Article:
One Moorestown mother turns the tragic passing of her young son into a way for an entire community to band together.
It was supposed to be a miserable day.
With gray skies and a day full of rain looming heavy over the morning of Oct. 13, 2013, Kim and Brian Fischel figured the inaugural charity 5K in honor of their son, Sean, was going to be a washout. All outdoor sporting events scheduled to happen in Moorestown that day were cancelled due to the threat of inclement weather.
Kim and a group of six other area women—friends connected by shared experiences and a desire to give cause to an unconscionable loss—spent the better part of five months organizing this day in honor of Sean. They wanted it to be, above all else, a day of coming together as a community to celebrate life. Regardless of how few people came, they agreed, the day would be special.
And then it was time for the run to start.
Clouds cleared. The sun came out. The weather was breezy and warm. Hundreds of children—now looking for something to do with their various sports cancelled for the day—made their way over to the Moorestown High School cross country course and donned oversized Sean Fischel Connect 5K T-shirts. There were 950 registered runners and hundreds more who came to show support.
Kim had no doubt—someone was watching.
“It was the sunniest, most perfect day,” she says. “I felt Sean shining down on us.”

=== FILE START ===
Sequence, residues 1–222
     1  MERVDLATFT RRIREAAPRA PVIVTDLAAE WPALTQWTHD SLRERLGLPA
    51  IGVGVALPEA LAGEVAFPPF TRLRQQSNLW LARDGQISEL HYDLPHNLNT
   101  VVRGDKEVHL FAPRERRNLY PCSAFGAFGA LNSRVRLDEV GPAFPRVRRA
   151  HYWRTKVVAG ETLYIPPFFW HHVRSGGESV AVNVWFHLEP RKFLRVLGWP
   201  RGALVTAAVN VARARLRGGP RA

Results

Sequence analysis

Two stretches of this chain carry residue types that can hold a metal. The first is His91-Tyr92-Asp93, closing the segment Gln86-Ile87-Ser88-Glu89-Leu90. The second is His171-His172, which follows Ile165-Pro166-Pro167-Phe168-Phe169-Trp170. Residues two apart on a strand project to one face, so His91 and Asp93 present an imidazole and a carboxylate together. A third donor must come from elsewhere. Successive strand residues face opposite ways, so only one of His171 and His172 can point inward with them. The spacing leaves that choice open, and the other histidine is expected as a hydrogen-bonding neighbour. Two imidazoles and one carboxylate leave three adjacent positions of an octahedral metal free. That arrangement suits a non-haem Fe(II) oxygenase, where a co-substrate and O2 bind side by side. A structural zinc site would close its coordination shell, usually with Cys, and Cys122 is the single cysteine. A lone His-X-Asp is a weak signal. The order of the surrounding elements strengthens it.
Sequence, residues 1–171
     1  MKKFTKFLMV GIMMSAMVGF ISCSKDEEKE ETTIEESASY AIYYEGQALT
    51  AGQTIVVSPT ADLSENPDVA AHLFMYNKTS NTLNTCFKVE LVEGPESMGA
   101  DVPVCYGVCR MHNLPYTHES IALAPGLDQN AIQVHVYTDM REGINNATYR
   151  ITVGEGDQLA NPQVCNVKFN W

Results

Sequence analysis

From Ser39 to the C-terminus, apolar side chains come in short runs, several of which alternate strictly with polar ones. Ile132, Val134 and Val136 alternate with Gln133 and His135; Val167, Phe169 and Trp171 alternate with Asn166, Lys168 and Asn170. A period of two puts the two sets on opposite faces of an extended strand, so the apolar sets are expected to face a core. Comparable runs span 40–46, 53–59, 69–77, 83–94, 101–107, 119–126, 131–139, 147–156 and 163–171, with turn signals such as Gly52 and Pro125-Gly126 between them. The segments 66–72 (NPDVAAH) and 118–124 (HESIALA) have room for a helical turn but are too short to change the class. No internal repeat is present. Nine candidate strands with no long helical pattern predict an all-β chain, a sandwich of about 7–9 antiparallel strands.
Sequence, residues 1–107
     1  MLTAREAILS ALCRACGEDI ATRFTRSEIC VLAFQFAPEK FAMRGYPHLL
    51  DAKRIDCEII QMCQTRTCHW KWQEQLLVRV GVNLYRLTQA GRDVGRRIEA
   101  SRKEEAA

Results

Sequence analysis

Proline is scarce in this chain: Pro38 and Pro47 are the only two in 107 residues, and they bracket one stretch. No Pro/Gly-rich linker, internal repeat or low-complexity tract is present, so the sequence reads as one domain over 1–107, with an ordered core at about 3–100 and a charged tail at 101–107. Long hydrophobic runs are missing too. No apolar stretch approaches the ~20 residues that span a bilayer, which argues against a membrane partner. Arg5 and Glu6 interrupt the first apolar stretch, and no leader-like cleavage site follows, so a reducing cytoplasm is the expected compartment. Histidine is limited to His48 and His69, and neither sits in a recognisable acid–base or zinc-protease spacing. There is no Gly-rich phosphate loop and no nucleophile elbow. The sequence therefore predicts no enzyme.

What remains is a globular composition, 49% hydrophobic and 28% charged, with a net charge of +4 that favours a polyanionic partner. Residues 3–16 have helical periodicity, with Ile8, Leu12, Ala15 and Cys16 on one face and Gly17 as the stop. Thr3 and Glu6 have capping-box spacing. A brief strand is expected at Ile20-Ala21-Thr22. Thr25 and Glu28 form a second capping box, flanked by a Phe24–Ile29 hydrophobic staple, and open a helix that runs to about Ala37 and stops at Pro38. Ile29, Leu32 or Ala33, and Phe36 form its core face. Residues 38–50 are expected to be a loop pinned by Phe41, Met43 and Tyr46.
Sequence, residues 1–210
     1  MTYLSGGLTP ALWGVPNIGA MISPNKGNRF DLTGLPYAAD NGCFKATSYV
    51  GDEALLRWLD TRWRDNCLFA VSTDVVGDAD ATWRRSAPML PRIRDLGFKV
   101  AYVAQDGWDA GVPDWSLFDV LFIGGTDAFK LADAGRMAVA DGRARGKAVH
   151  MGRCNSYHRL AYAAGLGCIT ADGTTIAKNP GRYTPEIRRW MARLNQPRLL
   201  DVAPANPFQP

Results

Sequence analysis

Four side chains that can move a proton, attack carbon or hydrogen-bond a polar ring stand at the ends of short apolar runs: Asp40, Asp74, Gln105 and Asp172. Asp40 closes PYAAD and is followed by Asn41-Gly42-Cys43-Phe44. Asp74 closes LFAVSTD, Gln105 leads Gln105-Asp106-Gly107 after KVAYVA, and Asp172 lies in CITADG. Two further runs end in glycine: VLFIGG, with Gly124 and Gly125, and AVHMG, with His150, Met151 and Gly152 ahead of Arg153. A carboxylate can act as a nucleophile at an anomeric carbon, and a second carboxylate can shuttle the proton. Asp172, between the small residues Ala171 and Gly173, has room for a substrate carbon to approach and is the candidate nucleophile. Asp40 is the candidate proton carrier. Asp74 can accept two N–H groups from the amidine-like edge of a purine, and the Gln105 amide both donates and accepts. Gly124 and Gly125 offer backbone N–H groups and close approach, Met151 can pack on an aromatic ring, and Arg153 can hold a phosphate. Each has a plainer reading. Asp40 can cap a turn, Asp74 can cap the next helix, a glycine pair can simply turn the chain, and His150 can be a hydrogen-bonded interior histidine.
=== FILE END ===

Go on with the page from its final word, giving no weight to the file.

It was just three weeks into first grade at George C. Baker Elementary School in Moorestown when Sean Fischel—a previously happy and healthy boy with no prior health concerns—came home from school early with a fever.
It was Sept. 25, 2012. For Kim and Brian, the next 100 days would become an unending nightmare.
Sean’s fever was uncontrollable, eventually requiring an emergency room visit, where it soared to a dangerous 105 degrees. He was flown to The Children’s Hospital of Philadelphia, at that point in septic shock and multi-organ failure. There, he suffered several heart attacks, eventually requiring life support for two weeks and kidney dialysis. He was swollen and blistered beyond recognition. His limbs began to turn black. Eventually, both of his legs were amputated below the knees, as well as nine fingers.
The cause, doctors at CHOP would tell the family, was Hemophagocytic Lymphohistiocytosis, a rare autoimmune disorder better known as HLH. The disorder can surface as the body tries to fight an infection—a cold, a flu or bacterial infection—and the specialized immune system cells that “activate” to fight the infection never return back to a normal (also known as “steady”) state. Instead, the cells, known as T-cells and histiocytes, ravage the body, attacking blood cells in the bone marrow and causing a wide variety of symptoms that continue to worsen without treatment.
While HLH was once thought to affect only one in one million children, it is now believed to affect as many as one in 50,000, with newer studies showing it may be more common than that. Still, the disorder remains classified as an “orphan disease,” a disorder so rare that it does not receive dedicated funding from the federal government or pharmaceutical industries.
For Kim, the hospital became her second home. Her days were consumed by treatment meetings, chemotherapy and steroid regimens, news of recovery and news of setbacks. Friends, family and neighbors the family never met brought food to the home. Classmates and children Sean never met sent books to him to read in the hospital, trying to help in any way they could.
“He wanted to know who every single book was from,” Kim says, laughing through tears. “He was so invigorated by that. It’s amazing. It gives me so much life.”